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Wednesday, January 31, 2007

PNG Inquiry adament to go to Honiara, preferably this friday

By Julia Daia Bore

The chairman of the PNG Defence Force Board of Inquiry Justice Gibbs Salika yesterday insisted they should travel to the Solomon Islands to interview witnesses despite refusal by Honiara for them to do so.

As Justice Salika and his team held talks with PNG Foreign Affairs officials to persuade Honiara to allow them in, the Australian government weighed in, renewing its call for those behind the illegal flight that spirited fugitive Julian Moti to the Solomon Islands on Oct 10 last year, to be brought to justice.

But Honiara became more blunt yesterday, conveying a message to the board that it did not want the inquiry to be convened in Honiara. It had previously asked the board to ‘delay’ the trip.

Justice Salika insisted that conducting “one on one” interviews in the Solomon Islands with witnesses was crucial to establishing who was behind the clandestine flight, which violated PNG as well as aviation and international laws and angered Australia. Salika believes his team can conduct interviews within the PNG High Commission sanctuary in Honiara.

The inquiry board met with PNG’s Foreign Affairs and Trade personnel yesterday morning. It is understood they asked for a diplomatic note to be sent to Honiara seeking to renegotiate for the inquiry to be allowed into Solomon Islands, preferably this Friday.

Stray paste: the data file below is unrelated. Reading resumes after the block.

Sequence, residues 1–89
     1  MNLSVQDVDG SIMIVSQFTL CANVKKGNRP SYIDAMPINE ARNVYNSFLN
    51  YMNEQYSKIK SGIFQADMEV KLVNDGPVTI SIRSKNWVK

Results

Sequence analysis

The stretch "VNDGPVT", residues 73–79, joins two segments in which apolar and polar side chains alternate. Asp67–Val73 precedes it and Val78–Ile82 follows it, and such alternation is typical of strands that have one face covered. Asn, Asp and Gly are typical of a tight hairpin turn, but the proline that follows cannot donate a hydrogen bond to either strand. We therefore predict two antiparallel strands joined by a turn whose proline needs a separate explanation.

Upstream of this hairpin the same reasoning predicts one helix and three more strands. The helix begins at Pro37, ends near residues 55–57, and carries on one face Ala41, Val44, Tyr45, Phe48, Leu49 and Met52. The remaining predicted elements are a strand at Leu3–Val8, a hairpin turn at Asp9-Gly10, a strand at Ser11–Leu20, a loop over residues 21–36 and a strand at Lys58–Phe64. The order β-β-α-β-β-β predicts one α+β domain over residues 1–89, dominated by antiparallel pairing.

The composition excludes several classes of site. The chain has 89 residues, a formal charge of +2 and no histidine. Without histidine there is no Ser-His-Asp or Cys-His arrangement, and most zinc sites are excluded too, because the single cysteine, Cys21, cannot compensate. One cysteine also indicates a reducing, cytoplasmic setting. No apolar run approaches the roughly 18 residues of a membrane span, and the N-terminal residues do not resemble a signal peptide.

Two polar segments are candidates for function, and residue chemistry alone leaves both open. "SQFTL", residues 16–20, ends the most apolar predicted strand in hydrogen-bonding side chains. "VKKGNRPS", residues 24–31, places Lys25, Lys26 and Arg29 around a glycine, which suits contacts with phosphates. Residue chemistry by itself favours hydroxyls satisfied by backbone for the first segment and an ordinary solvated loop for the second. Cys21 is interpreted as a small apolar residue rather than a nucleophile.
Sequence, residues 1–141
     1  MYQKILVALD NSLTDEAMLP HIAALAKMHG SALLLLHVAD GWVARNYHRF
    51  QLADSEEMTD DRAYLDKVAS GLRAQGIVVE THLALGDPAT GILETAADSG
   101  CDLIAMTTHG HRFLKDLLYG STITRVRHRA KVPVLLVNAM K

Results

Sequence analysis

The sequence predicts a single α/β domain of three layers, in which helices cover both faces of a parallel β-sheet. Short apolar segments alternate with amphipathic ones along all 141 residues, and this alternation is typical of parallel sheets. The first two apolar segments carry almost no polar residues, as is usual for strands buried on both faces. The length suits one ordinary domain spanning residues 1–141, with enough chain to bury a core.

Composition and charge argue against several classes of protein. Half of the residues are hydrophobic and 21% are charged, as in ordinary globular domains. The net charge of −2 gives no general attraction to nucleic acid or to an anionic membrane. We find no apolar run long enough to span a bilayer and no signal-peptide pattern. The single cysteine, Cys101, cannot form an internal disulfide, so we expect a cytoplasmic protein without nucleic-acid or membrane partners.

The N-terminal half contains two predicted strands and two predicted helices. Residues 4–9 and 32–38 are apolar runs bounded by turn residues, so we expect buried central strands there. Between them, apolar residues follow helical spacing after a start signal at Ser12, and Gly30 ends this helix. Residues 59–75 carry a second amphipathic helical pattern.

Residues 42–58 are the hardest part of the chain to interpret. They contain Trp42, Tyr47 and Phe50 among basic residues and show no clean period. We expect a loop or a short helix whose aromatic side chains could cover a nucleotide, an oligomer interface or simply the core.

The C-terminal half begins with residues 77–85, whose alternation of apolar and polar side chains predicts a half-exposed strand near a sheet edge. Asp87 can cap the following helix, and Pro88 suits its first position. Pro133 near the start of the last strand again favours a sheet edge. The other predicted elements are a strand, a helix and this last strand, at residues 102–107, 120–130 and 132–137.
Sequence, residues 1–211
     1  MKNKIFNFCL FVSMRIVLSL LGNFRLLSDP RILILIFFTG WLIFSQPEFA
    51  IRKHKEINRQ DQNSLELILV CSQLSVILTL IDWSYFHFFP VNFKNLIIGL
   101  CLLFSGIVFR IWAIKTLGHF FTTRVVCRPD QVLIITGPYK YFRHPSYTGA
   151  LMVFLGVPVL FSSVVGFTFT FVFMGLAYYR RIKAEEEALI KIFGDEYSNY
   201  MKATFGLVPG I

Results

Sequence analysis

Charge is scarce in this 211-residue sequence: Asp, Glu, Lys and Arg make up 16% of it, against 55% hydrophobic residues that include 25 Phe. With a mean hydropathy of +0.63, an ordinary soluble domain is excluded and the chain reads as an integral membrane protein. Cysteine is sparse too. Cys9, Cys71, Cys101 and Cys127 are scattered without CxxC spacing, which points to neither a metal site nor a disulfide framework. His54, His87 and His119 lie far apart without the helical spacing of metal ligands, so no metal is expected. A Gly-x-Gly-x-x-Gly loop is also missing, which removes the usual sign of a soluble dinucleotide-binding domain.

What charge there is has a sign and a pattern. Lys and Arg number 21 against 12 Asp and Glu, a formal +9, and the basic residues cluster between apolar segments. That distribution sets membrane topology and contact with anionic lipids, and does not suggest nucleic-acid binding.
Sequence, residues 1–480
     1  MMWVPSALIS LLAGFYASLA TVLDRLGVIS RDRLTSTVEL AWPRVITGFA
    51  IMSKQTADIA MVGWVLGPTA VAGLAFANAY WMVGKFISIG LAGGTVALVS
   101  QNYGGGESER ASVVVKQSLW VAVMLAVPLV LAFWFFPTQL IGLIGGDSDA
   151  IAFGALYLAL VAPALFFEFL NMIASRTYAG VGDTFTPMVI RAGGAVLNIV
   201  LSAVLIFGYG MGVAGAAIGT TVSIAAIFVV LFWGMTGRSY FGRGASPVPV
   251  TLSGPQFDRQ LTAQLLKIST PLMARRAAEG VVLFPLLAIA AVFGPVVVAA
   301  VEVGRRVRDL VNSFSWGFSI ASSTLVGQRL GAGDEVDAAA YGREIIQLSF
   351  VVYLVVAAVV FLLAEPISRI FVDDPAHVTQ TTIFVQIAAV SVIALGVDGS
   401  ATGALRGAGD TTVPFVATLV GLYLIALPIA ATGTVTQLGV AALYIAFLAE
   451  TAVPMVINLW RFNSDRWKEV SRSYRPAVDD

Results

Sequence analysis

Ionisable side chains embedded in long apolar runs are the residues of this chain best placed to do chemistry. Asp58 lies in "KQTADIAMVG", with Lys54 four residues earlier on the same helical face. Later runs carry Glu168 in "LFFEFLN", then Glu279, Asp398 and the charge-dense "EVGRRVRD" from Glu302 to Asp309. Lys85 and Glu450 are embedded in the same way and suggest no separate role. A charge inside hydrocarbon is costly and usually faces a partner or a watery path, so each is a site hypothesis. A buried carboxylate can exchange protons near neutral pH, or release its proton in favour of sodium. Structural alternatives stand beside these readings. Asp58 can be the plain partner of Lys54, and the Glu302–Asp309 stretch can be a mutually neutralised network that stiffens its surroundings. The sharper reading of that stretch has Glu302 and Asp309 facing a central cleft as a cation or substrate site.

Justice Salika on Monday pointed out that under Regulation 10 of the PNGDF Act; a board of inquiry may conduct an inquiry and exercise its powers and functions 'outside the country'. The board has only until Feb 13 to finalise a report for the Minister for Defence, and Justice Salika said time was not on their side.

“We are not going there to convict their people. That is not our intention. We want to establish who in the Solomon Islands sanctioned Moti’s flight using the PNGDF aircraft. We found out here our Government was not aware of Moti being flown out of PNG to Munda in Solomon Islands. We want to find out if the Solomon Islands government was aware of the flight or whether it (the SI government) paid for the flight.”

But Solomon Islands High Commissioner to PNG Bernard Bata’anisia said in a statement yesterday his government’s position had not changed.

“This is an internal matter for Papua New Guinea and as such, it would be inappropriate for the inquiry board to visit Solomon Islands.”

Mr Bata’anisia said this was a sovereign decision made by the Solomon Islands government and should be understood in that context.

Source: National

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